Black Lives Matter
Indigenous Lives Matter
Lives of People of Colour Matter
I have brought back the three-line header as a reminder that the issues of prejudice, discrimination, and racism continue to plague our society. The focus today is on “Indigenous Lives Matter.”
Thursday, September 30, 2021, will be the first National Day for Truth and Reconciliation. The day has been established by the federal government of Canada to provide an opportunity for all Canadians to reflect on the legacy of Indian residential schools specifically, and the effects, generally, of other examples of systemic racism experienced in the daily lives of Indigenous persons in this country.
Beginning in early July, I have been participating in an online course called “Indigenous Canada,” which is offered through the University of Alberta. Topics covered included the fur trade and other exchange relationships, land claims and environmental impacts, legal systems and rights, political conflicts and alliances, Indigenous political activism, and contemporary Indigenous life, art, and its expressions.
We have had a weekly discussion group of people from Canada West Mission Centre (and a few from Canada East) to debrief what we heard and saw in each week’s presentations. It has been an informative and illuminating experience and I encourage anyone to check it out. The course is available for free.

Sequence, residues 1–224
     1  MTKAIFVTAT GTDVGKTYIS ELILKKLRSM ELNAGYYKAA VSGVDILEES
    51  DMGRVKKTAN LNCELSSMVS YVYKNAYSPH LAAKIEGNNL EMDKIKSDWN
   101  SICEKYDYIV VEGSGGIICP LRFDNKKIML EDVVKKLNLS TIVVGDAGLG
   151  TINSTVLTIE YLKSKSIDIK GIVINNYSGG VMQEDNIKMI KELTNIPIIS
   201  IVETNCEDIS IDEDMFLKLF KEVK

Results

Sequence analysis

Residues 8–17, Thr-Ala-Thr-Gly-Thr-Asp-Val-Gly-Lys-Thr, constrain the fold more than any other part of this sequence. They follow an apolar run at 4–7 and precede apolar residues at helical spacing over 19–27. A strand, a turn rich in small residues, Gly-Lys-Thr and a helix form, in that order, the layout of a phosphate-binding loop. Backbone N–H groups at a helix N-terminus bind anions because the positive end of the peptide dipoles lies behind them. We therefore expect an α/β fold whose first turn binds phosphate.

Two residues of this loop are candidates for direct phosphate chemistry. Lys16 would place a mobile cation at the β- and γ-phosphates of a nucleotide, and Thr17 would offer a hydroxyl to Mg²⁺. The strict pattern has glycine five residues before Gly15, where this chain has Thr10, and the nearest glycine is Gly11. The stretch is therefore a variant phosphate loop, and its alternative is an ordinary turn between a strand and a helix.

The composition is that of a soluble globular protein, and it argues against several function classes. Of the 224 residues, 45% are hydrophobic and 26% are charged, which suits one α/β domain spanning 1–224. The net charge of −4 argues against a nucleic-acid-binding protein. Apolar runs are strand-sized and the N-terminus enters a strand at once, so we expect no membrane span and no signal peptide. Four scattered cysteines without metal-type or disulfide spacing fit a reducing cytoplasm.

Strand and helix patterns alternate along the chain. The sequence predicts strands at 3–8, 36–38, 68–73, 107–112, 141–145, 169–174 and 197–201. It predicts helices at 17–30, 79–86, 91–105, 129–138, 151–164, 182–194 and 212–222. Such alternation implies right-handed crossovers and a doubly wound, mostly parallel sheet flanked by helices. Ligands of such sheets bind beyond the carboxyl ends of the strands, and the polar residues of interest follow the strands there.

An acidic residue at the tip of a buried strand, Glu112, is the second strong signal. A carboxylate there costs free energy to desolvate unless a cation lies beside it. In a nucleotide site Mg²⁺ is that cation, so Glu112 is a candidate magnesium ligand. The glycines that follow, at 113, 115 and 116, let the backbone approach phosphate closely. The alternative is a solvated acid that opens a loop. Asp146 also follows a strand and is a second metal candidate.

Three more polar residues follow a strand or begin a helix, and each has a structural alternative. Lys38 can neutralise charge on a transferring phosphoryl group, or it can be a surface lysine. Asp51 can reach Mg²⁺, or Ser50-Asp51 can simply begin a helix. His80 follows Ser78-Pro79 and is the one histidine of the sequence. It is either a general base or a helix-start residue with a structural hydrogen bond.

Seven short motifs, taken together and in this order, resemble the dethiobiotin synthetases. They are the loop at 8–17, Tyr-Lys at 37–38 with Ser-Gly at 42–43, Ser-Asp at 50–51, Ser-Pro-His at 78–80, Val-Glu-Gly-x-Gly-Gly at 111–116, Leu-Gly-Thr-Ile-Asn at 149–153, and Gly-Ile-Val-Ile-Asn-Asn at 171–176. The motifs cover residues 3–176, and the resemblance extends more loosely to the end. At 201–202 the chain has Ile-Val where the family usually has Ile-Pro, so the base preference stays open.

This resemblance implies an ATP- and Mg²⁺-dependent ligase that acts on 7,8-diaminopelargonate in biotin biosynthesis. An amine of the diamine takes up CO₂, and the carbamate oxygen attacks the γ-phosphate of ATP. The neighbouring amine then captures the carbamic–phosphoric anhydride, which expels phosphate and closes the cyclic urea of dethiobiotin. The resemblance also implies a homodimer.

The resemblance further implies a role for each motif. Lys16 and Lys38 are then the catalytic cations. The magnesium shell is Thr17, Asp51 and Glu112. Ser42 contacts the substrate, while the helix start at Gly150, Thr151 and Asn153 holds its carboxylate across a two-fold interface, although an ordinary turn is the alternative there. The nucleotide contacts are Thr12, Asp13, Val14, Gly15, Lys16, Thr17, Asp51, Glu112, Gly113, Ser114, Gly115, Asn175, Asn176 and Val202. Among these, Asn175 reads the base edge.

The course has provided much food for thought as I consider the National Day for Truth and Reconciliation. The course presented excellent history and background on the experience of the Indigenous community in Canada over the last 150 years – and really the last 500 years. I am still considering what kind of a response it requires of me to be supportive of the initiatives of reconciliation.
For a quick (or in-depth, if you choose) introduction to the issues of reconciliation, consult the National Centre for Truth and Reconciliation, and especially their resources supporting “Truth and Reconciliation Week.”
The National Day for Truth and Reconciliation has been set on September 30 because that is the date used in recent years to mark “Orange Shirt Day.” I won’t take up space here to tell that story. You can read about in the words of the woman who had her orange shirt taken from her on her first day at a residential school here.
When we act to support reconciliation with Indigenous persons, I suggest that we are being consistent with Jesus’ statement of the “second” commandment (after “love the Lord your God…”): “You shall love your neighbor as yourself.” (Matthew 22:39) We also give expression to a number of our church’s “Enduring Principles,” including “Worth of All Persons,” “Pursuit of Peace (Shalom),” and “Unity in Diversity.”
Even if you are reading this after September 30, I encourage you to give some thought to the priority of reconciliation in our communities and what role you might find to personally support those efforts.
As always, I pray for you God’s blessings of joy, hope, love, and peace in these challenging times.
Canada West Mission Centre President
community of christ
355 Elmira Road North, Unit 129
Guelph, ON N1K 1S5 Canada
Canada West Mission: 877-411-2632
Canada East Mission: 888-411-7537